Two former users of the Sprint Fidelis cardiac leads from Medtronic, a Minneapolis- based medical device maker, filed a lawsuit yesterday for injuries sustained through the implantation of this device.
The suit was filed in the federal court in Minnesota and the plaintiffs, Leonard Stavish and Kelly Liusi, are suing for their own damages and as representatives of a class of all users of the device.
The plaintiffs allege that the lead wire portion of the defibrillator was defective, due to cracks that develop in the wire. As a result, users of the device either received jolting shocks unnecessarily, or the device failed when it was supposed to provide defibrillation.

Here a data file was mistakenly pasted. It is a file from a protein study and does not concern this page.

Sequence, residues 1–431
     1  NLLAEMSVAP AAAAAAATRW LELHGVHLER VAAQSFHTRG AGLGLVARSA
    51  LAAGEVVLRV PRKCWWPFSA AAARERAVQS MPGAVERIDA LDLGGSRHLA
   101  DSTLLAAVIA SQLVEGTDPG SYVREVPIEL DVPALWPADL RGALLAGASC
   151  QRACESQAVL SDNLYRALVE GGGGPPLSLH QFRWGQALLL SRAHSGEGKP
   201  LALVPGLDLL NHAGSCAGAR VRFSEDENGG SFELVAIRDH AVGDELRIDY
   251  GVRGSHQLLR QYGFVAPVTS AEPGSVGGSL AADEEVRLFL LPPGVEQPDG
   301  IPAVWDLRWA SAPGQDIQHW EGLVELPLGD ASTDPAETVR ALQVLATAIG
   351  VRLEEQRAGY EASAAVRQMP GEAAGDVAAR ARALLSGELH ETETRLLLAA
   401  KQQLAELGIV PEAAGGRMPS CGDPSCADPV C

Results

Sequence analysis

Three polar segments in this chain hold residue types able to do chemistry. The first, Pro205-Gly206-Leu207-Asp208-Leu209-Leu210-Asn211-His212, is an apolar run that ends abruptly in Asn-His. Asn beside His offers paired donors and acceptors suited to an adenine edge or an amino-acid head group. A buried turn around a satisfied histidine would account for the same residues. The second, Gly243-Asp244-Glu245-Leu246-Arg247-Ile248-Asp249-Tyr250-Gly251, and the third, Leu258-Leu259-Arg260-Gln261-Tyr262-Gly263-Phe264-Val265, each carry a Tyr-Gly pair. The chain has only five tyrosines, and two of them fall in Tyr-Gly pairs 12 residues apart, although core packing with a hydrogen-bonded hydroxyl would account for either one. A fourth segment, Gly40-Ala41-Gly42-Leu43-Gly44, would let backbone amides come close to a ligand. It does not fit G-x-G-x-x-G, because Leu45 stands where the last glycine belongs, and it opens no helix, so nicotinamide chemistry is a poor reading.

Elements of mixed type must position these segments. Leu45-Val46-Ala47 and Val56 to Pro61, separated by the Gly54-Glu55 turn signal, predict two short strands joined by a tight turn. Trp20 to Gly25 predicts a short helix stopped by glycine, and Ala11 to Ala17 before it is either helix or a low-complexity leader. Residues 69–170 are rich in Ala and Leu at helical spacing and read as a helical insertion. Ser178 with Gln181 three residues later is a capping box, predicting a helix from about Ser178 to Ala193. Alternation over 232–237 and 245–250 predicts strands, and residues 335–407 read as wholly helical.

The suit alleges that Medtronic was aware of the fault in the Sprint Fidelis, but did not issue warnings that the lead wires were defectively designed. It is also alleged that the device violated consumer protection laws in the states where the plaintiffs reside.
Medtronic announced Monday that it was suspending all sales of its Sprint Fidelis line, and encouraged patients who had the device implanted to see their doctors. The specific model numbers are 6930, 6931, 6948 and 6949. Some 160,000 such devices have been implanted to date.